From the Ashes
A piece of Heritage’s history was lost forever recently when the University’s first permanent structure, Petrie Hall, burned to the ground on July 8. In sweltering temperatures reaching over 100 degrees, fire crews from five districts battled the blaze to prevent the fire from spreading to nearby buildings but could not save the hall.
Even as the fire burned, Heritage officials were deep in preparation to minimize the impact that the loss would have on students and their education. Two weeks of summer session still remained, yet several classrooms and computer labs were destroyed. Classes would have to be relocated. Students would need notification of the changes. An even more difficult situation was presented by the loss of the institution’s telecommunications and computer networks. Despite all the data being completely backed up, a new network—as well as the entire telephone system—would have to be built from the ground up.
“Everyone was focused on getting things up and running for our students as quickly as possible,” said Dr. Curt Guaglianone, provost and vice president for Academic Affairs. “This was a real test of our ability to think creatively to manage some pretty significant challenges in a very short time.”
Less than a day after the fire, the University was conducting business and holding classes with the help of cellular phones. Temporary quarters were also set up to house offices such as advising, admissions and financial aid.
By the start of the following week, access to the computer network was restored to the Arts and Sciences Center. The University’s quick actions enabled students to access all of their network-saved files in time for the end of summer semester. Network access was then restored building by building until the entire campus was back online by mid-August. The University replaced the lost classrooms, cafeteria and bookstore with portables located on property surrounding the campus.
All told, classes were only impacted the day after the fire, when a water issue forced Heritage to close a few hours early.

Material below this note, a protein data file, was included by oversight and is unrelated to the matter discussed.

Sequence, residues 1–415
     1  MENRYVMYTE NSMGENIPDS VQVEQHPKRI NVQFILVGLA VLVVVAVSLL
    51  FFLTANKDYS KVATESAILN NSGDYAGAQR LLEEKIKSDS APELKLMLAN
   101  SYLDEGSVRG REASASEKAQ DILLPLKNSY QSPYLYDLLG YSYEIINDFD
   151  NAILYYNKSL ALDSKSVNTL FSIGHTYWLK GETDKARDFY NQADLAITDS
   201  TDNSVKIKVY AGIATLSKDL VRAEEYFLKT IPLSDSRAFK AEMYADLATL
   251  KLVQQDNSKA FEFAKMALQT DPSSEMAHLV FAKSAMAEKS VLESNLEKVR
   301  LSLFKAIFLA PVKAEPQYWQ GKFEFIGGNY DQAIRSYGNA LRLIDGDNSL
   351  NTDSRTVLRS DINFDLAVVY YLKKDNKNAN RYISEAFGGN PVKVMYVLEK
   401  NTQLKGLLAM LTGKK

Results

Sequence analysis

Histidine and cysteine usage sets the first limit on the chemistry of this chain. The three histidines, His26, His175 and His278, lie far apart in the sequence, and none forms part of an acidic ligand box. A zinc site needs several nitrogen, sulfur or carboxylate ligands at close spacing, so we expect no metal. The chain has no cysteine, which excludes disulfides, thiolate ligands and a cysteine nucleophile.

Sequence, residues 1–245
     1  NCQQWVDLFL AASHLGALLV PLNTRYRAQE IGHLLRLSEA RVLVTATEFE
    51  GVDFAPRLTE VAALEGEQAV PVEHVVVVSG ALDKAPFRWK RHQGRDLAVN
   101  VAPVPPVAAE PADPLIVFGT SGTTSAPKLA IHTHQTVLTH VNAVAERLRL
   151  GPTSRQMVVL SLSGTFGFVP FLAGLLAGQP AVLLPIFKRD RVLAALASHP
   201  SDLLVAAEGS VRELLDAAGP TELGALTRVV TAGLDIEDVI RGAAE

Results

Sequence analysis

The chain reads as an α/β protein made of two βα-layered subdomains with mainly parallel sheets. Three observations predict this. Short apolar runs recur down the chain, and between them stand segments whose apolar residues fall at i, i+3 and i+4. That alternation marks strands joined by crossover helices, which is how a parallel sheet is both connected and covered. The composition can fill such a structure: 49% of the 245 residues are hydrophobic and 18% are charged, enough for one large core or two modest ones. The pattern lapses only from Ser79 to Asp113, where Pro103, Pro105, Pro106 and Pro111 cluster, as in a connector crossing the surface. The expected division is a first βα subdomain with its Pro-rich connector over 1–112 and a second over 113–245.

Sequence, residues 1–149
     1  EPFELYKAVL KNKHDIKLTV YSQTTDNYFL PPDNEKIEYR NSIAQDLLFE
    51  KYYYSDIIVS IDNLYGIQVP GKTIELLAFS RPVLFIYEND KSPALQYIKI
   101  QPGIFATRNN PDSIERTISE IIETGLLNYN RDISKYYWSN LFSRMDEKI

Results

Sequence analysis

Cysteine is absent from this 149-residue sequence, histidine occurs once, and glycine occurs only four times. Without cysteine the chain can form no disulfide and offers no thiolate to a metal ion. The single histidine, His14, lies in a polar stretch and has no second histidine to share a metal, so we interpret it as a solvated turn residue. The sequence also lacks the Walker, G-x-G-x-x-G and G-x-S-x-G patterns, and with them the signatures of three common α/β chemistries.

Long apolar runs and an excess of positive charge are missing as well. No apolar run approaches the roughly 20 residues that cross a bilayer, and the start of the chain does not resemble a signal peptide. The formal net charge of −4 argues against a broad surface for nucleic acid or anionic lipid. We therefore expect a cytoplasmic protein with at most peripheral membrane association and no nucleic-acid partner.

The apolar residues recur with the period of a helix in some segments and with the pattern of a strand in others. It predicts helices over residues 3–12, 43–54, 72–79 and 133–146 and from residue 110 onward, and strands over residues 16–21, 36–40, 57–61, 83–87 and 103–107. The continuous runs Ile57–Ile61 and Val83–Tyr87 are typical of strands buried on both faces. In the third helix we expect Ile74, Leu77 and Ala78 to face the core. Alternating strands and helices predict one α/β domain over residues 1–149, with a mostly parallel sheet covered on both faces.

“Often it’s the challenges that provide the opportunity to learn about and achieve our potential.,” said Dr. Guaglianone. “This was Heritage University’s “opportunity”. There is no question that this institution has embraced this opportunity to make us stronger and better, and caused us to strive toward our potential like never before.”
He points to the reconstructed computer networks as an example. Heritage’s entire network, from the hardware to the fiber-optic cabling, is more advanced and offers “a quantum leap” in speed from where it stood before the blaze. When Heritage replaces Petrie Hall, the facilities will be improved as well.
Dr. John Bassett, Heritage president, affirmed that he and the University’s vice presidents, along with the board of directors, have started looking at what makes the most sense for the long-term physical growth of the University. “Obviously we need to address the lost classrooms, but where those are located and what they look like is not known quite yet. We do expect to have a foundational plan this fall,” he said.
Petrie Hall was constructed in 1926 and operated as McKinley Elementary School until the mid-1970s. In 1984, the Petrie Trust purchased the building and its surrounding 11.5 acres from the Toppenish School District on behalf of the University, which then renamed it “Petrie Hall” in honor of the Trust. In 1999 the facility went through major remodeling which included the construction of the cafeteria and student lounge, named “The Jewett Center” in honor of the late Yakima Valley philanthropist Helen Jewett.
Fire investigators were unable to pinpoint the cause of the fire but were able to identify that it started in an unoccupied attic area above the kitchen, which was part of the original construction.